I will argue that yes it has. Of course, these rights are not uniformly or universally observed, but in general you can say that the courts have been very consistent in upholding free speech and religious rights. They have also been, for the most part, very consistent in forcing police and the penal system to observe individual rights when it comes to handling both the accused and the convicted.
The Bill of Rights is meant to protect the rights of Americans; rights like the right of free speech and religion or to be free from excessive searches and seizures. However, the Bill of Rights is not able to prevent the violation of rights if the majority of Americans want those rights to be violated. The Bill of Rights is just a piece of paper. It can only help to persuade people that rights should be respected.
An example of this can be seen in the fact that people's rights were clearly trampled during the McCarthy Era. This happened because the majority was willing to go along with laws that took away freedom of speech and association for communists. There was such a fear of communism that people did not really care if the rights of some were infringed upon. The Bill of Rights was not able to protect communists in that situation.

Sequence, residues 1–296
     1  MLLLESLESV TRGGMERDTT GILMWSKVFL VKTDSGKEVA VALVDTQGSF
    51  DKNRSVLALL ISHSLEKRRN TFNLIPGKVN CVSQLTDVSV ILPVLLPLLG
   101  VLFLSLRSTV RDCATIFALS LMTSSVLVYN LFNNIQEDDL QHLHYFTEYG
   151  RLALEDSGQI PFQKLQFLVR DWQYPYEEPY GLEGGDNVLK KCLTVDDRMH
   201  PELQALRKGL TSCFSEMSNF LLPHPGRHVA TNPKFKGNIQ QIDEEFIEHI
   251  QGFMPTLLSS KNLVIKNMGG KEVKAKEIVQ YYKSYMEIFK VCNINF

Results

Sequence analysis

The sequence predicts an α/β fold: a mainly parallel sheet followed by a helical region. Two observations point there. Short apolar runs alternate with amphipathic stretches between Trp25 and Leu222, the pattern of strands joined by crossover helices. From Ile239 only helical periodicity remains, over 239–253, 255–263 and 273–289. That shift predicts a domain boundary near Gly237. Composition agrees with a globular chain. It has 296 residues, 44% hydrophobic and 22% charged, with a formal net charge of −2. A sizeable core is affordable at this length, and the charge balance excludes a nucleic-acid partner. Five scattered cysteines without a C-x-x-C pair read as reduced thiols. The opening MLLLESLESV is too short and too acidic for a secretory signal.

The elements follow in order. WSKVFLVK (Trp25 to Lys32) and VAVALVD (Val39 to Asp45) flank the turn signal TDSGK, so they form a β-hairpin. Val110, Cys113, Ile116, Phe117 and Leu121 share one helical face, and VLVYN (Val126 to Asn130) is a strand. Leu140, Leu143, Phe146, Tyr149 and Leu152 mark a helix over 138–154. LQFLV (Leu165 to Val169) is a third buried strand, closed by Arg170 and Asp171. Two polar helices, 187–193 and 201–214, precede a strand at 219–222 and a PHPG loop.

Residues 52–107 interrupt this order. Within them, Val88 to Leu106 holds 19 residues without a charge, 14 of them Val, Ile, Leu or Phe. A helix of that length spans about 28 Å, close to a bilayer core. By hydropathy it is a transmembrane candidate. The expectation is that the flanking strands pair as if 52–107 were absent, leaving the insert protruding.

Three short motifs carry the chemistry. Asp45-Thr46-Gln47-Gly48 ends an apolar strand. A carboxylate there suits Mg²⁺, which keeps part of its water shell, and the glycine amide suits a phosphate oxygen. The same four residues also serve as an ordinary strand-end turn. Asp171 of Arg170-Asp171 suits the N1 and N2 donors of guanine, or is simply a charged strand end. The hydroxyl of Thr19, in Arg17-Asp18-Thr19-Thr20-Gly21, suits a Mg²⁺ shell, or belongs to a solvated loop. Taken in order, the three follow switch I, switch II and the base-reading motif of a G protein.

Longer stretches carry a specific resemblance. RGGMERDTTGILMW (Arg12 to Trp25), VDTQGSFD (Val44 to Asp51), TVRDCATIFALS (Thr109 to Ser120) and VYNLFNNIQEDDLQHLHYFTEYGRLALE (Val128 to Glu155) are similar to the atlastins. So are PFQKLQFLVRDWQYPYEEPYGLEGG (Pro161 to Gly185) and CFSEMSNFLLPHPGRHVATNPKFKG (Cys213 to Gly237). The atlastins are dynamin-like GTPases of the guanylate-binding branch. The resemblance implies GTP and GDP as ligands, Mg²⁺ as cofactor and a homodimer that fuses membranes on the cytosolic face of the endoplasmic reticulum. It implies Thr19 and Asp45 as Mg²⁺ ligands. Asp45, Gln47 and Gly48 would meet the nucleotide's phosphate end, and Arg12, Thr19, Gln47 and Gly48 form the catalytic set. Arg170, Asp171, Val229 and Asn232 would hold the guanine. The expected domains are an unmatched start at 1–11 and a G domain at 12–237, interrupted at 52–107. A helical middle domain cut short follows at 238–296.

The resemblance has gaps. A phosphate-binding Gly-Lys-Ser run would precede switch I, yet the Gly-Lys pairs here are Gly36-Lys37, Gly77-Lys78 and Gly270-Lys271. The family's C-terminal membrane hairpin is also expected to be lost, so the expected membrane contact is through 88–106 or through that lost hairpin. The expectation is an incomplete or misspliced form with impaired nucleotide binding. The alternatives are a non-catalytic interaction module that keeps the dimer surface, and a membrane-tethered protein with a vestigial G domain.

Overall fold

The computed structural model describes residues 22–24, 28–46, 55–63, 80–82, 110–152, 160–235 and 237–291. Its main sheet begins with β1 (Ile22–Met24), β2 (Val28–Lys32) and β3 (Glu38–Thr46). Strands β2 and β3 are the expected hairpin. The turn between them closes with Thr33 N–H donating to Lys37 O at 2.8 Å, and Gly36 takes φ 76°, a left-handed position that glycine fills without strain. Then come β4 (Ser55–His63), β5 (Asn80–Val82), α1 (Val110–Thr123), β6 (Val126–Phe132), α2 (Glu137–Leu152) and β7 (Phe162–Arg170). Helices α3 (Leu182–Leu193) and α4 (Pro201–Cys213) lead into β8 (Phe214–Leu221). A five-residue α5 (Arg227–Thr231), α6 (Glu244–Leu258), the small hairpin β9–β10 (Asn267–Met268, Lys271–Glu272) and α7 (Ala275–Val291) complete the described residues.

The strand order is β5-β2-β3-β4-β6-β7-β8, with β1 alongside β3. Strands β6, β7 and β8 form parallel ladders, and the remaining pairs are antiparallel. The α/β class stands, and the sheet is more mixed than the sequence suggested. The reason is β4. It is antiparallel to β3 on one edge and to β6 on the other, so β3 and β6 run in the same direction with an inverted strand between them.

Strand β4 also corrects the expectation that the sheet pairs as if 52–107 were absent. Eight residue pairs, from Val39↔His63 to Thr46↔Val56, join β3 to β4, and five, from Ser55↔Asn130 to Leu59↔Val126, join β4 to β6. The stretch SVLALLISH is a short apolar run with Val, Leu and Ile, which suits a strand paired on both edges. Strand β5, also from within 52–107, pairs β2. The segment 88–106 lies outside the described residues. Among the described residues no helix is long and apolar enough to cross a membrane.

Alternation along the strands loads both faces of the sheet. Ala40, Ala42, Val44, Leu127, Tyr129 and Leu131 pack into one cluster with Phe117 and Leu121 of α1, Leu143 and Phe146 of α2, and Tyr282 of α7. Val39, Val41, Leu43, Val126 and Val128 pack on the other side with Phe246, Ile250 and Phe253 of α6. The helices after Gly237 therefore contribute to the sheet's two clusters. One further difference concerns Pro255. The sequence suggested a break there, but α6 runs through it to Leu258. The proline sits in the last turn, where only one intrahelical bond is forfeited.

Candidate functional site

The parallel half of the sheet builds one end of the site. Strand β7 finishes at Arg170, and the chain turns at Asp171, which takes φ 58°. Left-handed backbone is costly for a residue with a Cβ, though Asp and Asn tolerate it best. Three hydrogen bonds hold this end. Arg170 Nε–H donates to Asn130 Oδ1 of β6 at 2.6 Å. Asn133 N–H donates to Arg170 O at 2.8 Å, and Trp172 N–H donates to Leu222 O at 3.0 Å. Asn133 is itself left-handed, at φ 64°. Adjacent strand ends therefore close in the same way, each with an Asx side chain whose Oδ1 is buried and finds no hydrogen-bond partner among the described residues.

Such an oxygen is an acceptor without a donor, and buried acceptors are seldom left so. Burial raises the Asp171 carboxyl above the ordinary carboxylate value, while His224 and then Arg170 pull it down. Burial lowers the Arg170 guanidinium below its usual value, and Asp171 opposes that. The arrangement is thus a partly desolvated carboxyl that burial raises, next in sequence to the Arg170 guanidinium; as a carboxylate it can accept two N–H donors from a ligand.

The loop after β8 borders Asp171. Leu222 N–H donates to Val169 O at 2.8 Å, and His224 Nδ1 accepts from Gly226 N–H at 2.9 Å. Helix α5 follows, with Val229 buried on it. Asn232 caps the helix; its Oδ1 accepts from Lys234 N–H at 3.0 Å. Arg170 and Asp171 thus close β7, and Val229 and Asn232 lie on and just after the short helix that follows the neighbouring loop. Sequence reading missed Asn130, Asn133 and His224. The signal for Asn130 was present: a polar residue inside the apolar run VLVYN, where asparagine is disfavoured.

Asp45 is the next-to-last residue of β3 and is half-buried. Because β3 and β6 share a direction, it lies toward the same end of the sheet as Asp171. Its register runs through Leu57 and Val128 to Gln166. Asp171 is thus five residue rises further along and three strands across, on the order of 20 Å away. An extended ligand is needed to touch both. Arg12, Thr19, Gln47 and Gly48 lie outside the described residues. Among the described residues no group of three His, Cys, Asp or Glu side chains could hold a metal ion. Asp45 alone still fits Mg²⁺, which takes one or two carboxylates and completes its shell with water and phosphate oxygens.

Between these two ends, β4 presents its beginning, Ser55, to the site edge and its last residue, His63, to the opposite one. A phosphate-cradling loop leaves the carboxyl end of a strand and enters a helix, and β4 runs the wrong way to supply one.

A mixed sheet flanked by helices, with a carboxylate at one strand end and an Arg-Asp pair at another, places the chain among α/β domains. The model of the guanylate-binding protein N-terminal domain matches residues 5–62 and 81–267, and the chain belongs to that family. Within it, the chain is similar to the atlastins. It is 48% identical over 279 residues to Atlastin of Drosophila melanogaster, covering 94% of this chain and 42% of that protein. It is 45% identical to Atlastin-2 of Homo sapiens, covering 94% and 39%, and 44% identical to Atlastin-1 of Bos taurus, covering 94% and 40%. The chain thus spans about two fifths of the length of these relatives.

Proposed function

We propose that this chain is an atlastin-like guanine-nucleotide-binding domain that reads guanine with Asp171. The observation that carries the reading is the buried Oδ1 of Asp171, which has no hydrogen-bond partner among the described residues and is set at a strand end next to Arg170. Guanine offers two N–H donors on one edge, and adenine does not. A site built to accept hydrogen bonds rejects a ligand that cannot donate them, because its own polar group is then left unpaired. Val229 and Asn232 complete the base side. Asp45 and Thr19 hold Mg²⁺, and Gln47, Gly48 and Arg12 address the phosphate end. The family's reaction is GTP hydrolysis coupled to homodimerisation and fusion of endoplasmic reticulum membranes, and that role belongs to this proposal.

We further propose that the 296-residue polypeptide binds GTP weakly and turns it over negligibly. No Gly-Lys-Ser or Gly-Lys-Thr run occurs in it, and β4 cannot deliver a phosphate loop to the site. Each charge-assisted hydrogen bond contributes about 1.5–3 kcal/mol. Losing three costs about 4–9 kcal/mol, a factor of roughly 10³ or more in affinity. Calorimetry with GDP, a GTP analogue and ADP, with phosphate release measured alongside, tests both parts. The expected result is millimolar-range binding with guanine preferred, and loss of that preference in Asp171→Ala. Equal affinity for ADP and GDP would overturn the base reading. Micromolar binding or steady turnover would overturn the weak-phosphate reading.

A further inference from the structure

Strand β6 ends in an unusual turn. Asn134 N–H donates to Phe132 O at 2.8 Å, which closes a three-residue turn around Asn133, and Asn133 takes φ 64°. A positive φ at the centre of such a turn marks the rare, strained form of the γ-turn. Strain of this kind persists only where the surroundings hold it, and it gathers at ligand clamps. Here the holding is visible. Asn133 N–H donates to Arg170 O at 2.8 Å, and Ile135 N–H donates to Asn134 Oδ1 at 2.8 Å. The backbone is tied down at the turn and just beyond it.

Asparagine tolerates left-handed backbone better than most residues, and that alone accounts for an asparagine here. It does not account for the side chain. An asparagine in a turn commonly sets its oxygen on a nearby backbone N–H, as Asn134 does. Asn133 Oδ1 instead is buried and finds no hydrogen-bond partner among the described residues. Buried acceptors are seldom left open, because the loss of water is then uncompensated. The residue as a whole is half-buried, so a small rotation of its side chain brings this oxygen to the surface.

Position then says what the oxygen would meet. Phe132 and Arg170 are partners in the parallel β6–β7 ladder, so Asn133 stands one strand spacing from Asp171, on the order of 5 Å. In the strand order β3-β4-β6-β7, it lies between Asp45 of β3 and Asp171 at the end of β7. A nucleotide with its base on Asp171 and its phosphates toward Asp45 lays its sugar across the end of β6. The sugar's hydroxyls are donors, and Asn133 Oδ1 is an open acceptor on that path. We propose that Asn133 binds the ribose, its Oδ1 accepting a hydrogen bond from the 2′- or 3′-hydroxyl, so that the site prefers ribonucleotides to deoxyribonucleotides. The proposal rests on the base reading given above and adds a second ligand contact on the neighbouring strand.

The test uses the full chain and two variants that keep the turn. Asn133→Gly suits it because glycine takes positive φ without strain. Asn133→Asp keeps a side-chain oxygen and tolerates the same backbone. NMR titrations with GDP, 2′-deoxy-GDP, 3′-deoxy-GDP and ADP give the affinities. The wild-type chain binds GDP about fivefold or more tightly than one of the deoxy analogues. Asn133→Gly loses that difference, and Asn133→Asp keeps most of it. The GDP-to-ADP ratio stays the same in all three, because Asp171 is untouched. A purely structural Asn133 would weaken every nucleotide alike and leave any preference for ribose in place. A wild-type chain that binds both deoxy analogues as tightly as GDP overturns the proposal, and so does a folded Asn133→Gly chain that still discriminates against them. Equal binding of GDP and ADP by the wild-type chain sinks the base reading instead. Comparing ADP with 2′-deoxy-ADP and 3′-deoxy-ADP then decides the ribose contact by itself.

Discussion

A similar thing, one could argue, happened to Mormons in the 1800s. They were forced to give up their religious practice of polygamy even though the Bill of Rights says that people should be allowed to practice their religion freely. The Bill of Rights was unable to protect them because their religious practice was frowned on by a huge majority of the people.
The Bill of Rights has usually been effective in providing people with rights. However, it has failed at times to protect people who are particularly unpopular.